EER has published two previous articles on the Kashmir issue since this round of the crisis began, available here and here, and this is the latest article in that series, which intends to represent the various perspectives.
On 5 August 2019, India abrogated Article 370 of the constitution, stripping the portion of Jammu and Kashmir it controls of its nominal autonomy and annexing the disputed region.
The move was preceded by the deployment of tens of thousands of additional security personnel into an already heavily militarized region and the imposition of a curfew that effectively continues three weeks later.
Addressing the Indian public three days after the move, Prime Minister Narendra Modi said that his decision was motivated by a desire to bring development to the region and integrate it into India as a whole.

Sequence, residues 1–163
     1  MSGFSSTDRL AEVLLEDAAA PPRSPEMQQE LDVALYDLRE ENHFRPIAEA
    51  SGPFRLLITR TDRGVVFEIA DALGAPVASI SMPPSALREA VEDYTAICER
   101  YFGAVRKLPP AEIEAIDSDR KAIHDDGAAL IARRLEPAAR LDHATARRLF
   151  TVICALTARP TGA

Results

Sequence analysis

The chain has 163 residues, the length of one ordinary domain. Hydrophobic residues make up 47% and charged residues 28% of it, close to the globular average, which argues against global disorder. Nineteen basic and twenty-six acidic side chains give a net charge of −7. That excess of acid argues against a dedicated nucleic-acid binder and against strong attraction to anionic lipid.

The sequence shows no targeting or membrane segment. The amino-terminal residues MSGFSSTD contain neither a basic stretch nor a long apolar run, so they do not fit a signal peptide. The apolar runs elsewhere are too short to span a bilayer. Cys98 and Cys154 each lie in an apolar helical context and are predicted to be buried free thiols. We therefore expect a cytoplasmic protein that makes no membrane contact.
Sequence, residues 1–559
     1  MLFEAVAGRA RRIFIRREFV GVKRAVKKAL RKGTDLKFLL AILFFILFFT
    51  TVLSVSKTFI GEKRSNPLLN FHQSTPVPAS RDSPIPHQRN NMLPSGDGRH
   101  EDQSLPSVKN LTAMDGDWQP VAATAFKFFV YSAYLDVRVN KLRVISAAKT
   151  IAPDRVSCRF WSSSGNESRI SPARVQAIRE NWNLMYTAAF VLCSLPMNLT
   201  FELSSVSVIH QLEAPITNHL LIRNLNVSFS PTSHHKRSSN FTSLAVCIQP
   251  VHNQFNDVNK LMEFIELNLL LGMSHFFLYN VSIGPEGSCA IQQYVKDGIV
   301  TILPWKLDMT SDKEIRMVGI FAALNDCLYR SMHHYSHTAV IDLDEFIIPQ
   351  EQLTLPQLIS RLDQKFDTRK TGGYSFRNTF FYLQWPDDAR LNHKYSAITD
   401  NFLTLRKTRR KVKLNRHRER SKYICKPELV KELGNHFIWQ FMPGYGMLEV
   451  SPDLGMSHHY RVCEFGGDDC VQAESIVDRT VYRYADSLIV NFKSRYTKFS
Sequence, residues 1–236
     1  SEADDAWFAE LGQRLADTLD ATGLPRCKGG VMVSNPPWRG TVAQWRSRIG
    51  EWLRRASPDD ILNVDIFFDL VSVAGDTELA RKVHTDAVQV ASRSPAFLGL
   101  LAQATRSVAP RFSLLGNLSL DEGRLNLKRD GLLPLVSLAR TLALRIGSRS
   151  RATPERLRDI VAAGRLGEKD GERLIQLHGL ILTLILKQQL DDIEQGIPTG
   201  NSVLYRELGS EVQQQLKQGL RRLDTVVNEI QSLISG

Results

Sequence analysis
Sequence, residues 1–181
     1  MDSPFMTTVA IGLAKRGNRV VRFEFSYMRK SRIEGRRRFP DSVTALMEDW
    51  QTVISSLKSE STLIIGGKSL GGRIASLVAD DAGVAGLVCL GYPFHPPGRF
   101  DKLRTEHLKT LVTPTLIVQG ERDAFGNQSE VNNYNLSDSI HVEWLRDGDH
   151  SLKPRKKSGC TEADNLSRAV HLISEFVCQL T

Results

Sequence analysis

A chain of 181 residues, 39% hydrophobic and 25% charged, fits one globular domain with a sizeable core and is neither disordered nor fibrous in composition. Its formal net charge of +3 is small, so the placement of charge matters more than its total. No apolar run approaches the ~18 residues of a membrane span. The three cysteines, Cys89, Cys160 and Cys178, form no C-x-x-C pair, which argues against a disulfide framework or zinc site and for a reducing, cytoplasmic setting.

But, importantly, Kashmiris could not hear his “good news”. A near-complete communications blackout was imposed on the region along with the draconian curfew. The reason for the curfew and blackout is obviously to suppress protests. Kashmiris largely oppose India’s annexation of their territory. The prevailing sentiment in Jammu and Kashmir, and in the Kashmir Valley in particular, is for “azaadi” or freedom from Indian rule.
Contrary to what Modi said earlier this month, the problem in Kashmir is political, not economic. Kashmir, in fact, ranks higher than most Indian states in human development. It even ranks higher than the state of Gujarat, which Modi ruled for thirteen years.